ItsNotYouItsMe Blog: Historians Rate 1919 As ‘America’s Worst Year’!

Thursday, February 7, 2019

Historians Rate 1919 As ‘America’s Worst Year’!






100 years of America in the making...

"Every mouth I meet opens to complain, “Things’ve changed . . . Nothing’s the same . . . Not like we were . . . The country isn’t what it was . . .” So I checked back — exactly 100 years — to see the America of 1919.

World War I over. The USA needed security. Instead, cities experienced “Red Scare” bombings, race riots, workers striking, vets competing for jobs, May Day demonstrations, armed resistance movements and the deportations of 149 people, including Emma Goldman, to Russia. Historians rate 1919 “America’s worst year.”

First-class stamp — being pre-Instagram and Facebook — shot to 3 cents. And before Flavor Flav and Gaga, names were Mary, Helen, John, Ruth, Dorothy, William. Grand Canyon became a national park. RCA Radio Corp. of America was founded. Dutch Airline KLM began. March 15 begat the American Legion.

Women got suffrage. Even before Michelle Obama’s husband, there was Woodrow Wilson grabbing the Nobel.

Out came Lon Chaney’s breakthrough film “The Miracle Man.” Harold Lloyd conceived test screenings. Hot book “The Four Horsemen of the Apocalypse” — a copy sold for $1.90 because pros felt nobody would spring for a full $2.
Top moneymaker — before “BlacKkKlansman,” “Roma” and “Green Book” — was “The Miracle Man” which grossed $3 million. Top names before Glenn Close, Christian Bale, Mahershala Ali, Viggo Mortensen, Olivia Colman, Bradley Cooper and Regina King were: Gloria Swanson, Dorothy Gish, Douglas Fairbanks, Mary Pickford, Rudolph Valentino, Lillian Gish, Harry Houdini, Lon Chaney and, apologies to Clint Eastwood, ride-’em-cowboy Tom Mix.

Sports tales & spacetime

Some things were nerdy. To prove Newton’s theory hooey, Einstein claimed gravity can bend spacetime causing light to take a different path — and who knows whatthehell that means. But, we got the first A-1 cartoon character Felix the Cat and Man O’ War won 20 races in a row. Wichita Falls, Texas, unveiled its first “skyscraper” — four stories. The Green Bay Packers got their name, and I was told how but I forgot and so what. And Major League Baseball’s major scandal when the Chicago White Sox threw the World Series to the Cincinnati Reds. Also, the Boston Red Sox in their wisdom sold Babe Ruth to the Yankees for $100,000.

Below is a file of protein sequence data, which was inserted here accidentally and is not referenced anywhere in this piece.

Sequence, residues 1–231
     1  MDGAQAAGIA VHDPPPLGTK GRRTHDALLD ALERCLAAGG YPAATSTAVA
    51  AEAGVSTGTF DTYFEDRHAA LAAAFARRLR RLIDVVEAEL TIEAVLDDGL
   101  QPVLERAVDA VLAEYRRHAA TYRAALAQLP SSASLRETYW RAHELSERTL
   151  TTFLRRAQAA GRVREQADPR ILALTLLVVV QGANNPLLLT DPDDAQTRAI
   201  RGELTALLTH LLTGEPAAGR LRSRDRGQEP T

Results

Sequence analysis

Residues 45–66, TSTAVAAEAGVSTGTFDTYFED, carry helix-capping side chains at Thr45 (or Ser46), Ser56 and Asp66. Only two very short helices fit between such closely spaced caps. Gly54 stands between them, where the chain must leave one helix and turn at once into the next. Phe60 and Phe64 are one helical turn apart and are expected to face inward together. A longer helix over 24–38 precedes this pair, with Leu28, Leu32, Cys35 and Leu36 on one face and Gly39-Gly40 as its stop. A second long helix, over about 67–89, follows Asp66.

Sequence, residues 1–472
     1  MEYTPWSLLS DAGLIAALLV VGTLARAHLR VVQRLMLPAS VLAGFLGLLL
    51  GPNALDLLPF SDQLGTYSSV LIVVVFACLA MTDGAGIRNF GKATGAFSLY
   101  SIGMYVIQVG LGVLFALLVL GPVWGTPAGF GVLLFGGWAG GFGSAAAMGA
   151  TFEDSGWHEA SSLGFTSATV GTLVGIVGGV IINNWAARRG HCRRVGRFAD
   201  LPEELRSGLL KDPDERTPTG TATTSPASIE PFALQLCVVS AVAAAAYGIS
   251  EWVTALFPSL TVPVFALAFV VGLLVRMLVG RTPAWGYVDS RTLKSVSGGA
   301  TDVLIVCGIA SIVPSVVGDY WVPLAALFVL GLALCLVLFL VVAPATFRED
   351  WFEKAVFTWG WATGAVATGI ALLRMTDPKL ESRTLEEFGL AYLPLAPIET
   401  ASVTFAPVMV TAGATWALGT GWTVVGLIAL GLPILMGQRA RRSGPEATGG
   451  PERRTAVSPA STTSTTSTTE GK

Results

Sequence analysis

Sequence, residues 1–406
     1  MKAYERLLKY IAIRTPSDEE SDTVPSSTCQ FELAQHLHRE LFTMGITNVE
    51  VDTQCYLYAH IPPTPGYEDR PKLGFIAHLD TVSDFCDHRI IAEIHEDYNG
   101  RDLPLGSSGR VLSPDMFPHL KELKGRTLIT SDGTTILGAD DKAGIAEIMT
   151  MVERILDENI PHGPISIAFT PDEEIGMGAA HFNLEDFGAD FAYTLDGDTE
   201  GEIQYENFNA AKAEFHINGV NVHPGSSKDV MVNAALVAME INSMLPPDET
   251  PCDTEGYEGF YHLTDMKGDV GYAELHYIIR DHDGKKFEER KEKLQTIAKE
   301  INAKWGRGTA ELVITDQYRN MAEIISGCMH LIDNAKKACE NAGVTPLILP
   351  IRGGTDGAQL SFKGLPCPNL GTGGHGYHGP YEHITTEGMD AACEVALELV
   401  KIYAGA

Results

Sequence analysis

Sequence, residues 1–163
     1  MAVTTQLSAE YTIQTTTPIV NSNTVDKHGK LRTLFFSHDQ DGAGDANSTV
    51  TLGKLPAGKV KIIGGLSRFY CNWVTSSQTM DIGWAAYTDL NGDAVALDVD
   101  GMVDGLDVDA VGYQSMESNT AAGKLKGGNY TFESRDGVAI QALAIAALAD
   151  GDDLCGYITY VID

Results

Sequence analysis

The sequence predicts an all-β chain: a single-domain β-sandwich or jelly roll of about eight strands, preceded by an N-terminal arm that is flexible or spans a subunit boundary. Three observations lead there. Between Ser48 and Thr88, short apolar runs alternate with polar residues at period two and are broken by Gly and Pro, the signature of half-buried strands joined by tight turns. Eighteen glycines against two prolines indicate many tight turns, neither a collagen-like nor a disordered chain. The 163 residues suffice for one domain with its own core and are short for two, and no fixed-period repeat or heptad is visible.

Not all good times

Hot shot celebrities were Nora Bayes and Al Jolson.

Some things were lousy. Florida’s hurricane killed 600. Anarchists protested throwing unionist Eugene V. Debs into the can in Atlanta. July 27, Chicago, a race riot. The Socialist party met in that toddlin’ town. And a Goodyear blimp crashed into its Trust & Savings Bank.

But, the year established trumpeter Louis Armstrong and pianist Jelly Roll Morton.

Meanwhile, Boston police went on strike. US cavalry crossed our wall-less border to stop bad hombre Pancho Villa. And all progressive Dem candidates went poop.

Feast for pennies

Apples, 1 pound cost 11 cents; 1 pound of roast beef, 38 cents; 3 pounds of steak, 60 cents; 1 pound of butter, 39 cents; 3 pounds of chicken, 19 cents; bacon, 21 cents; cod, 10 cents; can of salmon, 27 cents; dozen eggs, 61 cents. If you were hot on cabbage, it was 14 cents a pound, and cheese (who knows what kind, and who cares?) was 41 cents.

OK, just relax!

Dial telephones, pop-up toasters and shortwave radios made their entrance. Despite that pardon-the-expression “car” named for him, Edsel became head of Ford Motor Co. And — ready? — our Pennsylvania got crowned the world’s most popular hotel. Also, chemist Akira Ogata developed crystal meth.
So everybody, shut up." - Pagesix.com





Marion Harris - After You've Gone
Charted at #1 in January 1919. Recorded July 22, 1918.




Charted at #1 in October 1919. Also #1 for Henry Burr and Albert Campbell in May 1919.




I'll Say She Does · Al Jolson

You Ain'T Heard Nothin' Yet: Jolie's Finest Columbia Recordings

℗ Originally Released 1919 Sony Music Entertainment Inc.




Charted at #1 in 1919. From the "Ziegfeld Follies of 1919". A timeless song, written by Irving Berlin. Another version of this song by Sam Ash charted at #7.


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